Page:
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Tag / Jodi Picoult

QBD Reviews: Small Great Things by Jodi Picoult


This is a very thought provoking novel, based on a true event. Jodi Picoult talks about social justice, racism, white supremacy and the legal system in America. “Small Great Things” is an uncomfortable read, yet brings out all sorts of emotions in the reader. I am still not sure if I liked this novel, yet I had to finish it.

Ruth Jefferson is a person of colour working as a Labour and Delivery nurse at a busy hospital. She has twenty years of experience and loves her job – it is a calling.

Turk and Brittanny Bauer are white supremacists (known as skinheads in the 1970’s and 80’s) they have just had their first baby and are outraged when Ruth is the nurse to look after mother and baby at change of shift. They both refuse to have any “Black” person touch their baby. A supervisor is called and a note put in the baby’s file. Ruth is the only person of colour working on the ward.

When the tragic loss of baby Davis Bauer after minor routine surgery leads the distraught parents to blame someone, Ruth becomes a scapegoat. There was a team of medical staff trying to resuscitate the baby, yet only one of them was being charged with murder by the grieving parents.

Kennedy McQuarrie, a white woman and a public defender, is chosen to represent Ruth in court. It takes Ruth a while to trust her but after some time the two women become friends and Kennedy fights tooth and nail to get Ruth home to her son.

Many perspectives were aired in the telling of this story. Readers feel indignation and outrage at how Ruth was treated – by her co-workers, the hospital staff, patient’s family, and the legal system. Hearing about the indoctrination of the white supremacists (starting at children’s birthday parties) was eye-opening. It was also very interesting hearing from the lawyer defending the case in court, and all the work done in the background to mount a defense.

Kerryn, QBD Northland

QBD Reviews: Small Great Things by Jodi PIcoult


Jodi Picoult has again targeted another of society’s big issues with her latest courtroom drama novel.

Prejudice and race is at the heart of the story as we follow the experience of an African American labour and delivery nurse whose world is turned upside down when she comes in contact with a white supremacist and his baby.

Thought provoking and heart wrenching, the topics on display in this book are relevant and will stay with you well after you turn the last page.

Jodi Picoult has a way of jumping into the shoes of others and seeing things through others eyes, raising questions that you never thought to consider before.

I enjoyed this book from start to finish and thoroughly recommend Ms Picoult's newest novel to anyone who enjoys a great read.

~ Belinda, QBD Charlestown


Reviewsday: The Storyteller by Jodi Picoult


Escaping her past by throwing herself enthusiastically into her position as a baker, the quiet hours of the early mornings are Sage Singer’s constant companion. She leads a simple, solitary life and that’s the way she likes it, until she unwittingly befriends one of her elderly neighbours, the beloved Josef Webber, retired teacher, Little League coach and friend to all.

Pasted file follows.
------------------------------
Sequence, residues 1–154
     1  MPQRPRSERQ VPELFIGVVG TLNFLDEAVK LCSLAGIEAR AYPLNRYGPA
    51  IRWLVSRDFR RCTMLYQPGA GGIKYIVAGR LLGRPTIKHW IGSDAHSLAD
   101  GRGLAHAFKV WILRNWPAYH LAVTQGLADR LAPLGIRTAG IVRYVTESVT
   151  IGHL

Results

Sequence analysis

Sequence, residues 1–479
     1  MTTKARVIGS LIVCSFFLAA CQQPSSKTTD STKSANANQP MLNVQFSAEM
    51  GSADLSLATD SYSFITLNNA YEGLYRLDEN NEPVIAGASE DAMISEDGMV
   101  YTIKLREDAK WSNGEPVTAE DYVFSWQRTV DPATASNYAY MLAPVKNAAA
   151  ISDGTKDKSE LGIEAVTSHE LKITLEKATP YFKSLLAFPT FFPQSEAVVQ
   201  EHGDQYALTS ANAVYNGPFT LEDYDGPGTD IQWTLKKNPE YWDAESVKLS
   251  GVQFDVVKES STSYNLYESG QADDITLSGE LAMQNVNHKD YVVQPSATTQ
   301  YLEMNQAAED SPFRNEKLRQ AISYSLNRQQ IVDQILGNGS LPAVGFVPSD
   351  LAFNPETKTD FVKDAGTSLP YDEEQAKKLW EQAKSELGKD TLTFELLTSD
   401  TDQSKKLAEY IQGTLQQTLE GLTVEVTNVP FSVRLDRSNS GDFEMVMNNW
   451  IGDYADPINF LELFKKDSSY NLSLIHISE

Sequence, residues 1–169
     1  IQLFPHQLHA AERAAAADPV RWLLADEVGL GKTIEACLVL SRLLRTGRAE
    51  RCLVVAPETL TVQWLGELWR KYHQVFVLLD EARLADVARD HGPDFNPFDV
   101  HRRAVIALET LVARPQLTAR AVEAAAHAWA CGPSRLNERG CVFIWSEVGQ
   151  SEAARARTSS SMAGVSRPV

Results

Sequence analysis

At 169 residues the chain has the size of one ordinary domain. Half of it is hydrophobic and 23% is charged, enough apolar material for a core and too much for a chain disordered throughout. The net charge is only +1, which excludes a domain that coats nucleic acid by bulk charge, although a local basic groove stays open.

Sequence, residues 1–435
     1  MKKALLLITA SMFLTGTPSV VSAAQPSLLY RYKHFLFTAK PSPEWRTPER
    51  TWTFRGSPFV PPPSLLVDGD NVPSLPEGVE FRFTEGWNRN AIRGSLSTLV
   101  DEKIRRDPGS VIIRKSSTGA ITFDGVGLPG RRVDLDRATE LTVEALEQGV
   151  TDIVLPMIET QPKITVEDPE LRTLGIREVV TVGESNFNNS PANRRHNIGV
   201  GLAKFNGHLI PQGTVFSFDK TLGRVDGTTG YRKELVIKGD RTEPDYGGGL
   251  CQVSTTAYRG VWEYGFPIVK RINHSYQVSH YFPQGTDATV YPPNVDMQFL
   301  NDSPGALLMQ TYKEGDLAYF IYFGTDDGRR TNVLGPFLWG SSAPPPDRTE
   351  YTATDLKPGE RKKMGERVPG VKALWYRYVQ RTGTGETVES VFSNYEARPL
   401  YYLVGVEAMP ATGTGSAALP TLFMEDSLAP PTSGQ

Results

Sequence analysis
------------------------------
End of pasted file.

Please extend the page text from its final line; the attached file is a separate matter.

What begins as a shared love of baked goods and an appreciation for the simpler things in life soon takes a sinister turn, for Josef has a story to tell, one he believes that he deserves to die for, and he wants Sage to help him. Shocked, Sage refuses, but curiousity gets the better of her. She needs to know what could be so terrible, so unspeakably evil, about the quiet, kind old man. She agrees to hear his story, the truth Josef has hidden all of his life, but nothing in Sage’s darkest nightmares could have prepared her for what she hears… a story that starts with a simple photograph pressed into her hands: a much younger Josef, smiling and dressed in the uniform of an SS guard.

The Storyteller is a complex web of intertwined stories that will take you breath away. There’s a unique melding of past and present, of justice and despicable crimes, but the most impressive thing about this novel is the rich, tangible emotions that drip from every words. I’ve never felt the urge to read any other Jodi Picoult novels but something about this one drew me and I’m glad I picked it up because it was a fascinating, intense, bittersweet read that I’ll definitely revisit over and over.

Book-A-Like: Big Little Lies

Enjoy the twists and turns of Jodi Picoult's Leaving Time?

Then you are going to LOVE Liane Moriarty's Big Little Lies! 

Book-A-Like 13Pirriwee Public is a beautiful little beachside primary school where children are taught that ‘sharing is caring.’ So how has the annual School Trivia Night ended in full-blown riot? Sirens are wailing. People are screaming. The principal is mortified.

And one parent is dead.

Was it a murder, a tragic accident or just good parents gone bad? As the parents at Pirriwee Public are about to discover, sometimes it’s the little lies that turn out to be the most lethal…

BIG LITTLE LIES is a brilliant take on ex-husbands and second wives, mothers and daughters, school-yard scandal, and the dangerous little lies we tell ourselves just to survive.